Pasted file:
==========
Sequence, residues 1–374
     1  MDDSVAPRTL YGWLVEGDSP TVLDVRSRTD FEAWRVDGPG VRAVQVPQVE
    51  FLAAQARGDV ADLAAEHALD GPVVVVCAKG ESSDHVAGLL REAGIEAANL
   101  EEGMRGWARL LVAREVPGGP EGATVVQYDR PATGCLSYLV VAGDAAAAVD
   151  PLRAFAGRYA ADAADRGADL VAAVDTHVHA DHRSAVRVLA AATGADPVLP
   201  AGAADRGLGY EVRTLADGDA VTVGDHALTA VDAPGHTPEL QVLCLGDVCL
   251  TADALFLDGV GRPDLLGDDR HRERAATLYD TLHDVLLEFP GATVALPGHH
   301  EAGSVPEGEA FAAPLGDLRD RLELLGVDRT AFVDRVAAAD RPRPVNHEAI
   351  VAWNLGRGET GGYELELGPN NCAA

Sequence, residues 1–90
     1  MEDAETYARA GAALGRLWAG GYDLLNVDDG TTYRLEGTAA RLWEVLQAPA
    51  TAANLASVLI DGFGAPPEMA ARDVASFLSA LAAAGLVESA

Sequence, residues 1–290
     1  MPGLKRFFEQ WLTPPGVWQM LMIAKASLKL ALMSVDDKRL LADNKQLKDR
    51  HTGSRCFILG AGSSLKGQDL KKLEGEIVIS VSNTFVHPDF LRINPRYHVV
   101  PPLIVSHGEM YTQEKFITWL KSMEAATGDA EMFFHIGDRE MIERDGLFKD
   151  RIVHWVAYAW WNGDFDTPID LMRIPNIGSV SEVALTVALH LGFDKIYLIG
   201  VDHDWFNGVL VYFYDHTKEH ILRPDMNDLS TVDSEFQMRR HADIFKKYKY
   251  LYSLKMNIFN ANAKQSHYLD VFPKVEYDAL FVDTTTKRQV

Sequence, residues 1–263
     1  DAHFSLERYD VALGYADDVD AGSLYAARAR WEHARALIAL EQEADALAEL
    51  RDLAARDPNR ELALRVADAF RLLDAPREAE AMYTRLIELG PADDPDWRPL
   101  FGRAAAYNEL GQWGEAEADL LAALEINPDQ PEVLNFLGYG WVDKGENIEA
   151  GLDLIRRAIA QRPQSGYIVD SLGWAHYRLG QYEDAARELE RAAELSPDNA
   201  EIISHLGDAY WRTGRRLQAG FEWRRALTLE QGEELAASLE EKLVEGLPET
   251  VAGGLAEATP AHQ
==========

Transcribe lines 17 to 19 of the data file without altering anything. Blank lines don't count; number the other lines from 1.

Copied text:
   151  RIVHWVAYAW WNGDFDTPID LMRIPNIGSV SEVALTVALH LGFDKIYLIG
   201  VDHDWFNGVL VYFYDHTKEH ILRPDMNDLS TVDSEFQMRR HADIFKKYKY
   251  LYSLKMNIFN ANAKQSHYLD VFPKVEYDAL FVDTTTKRQV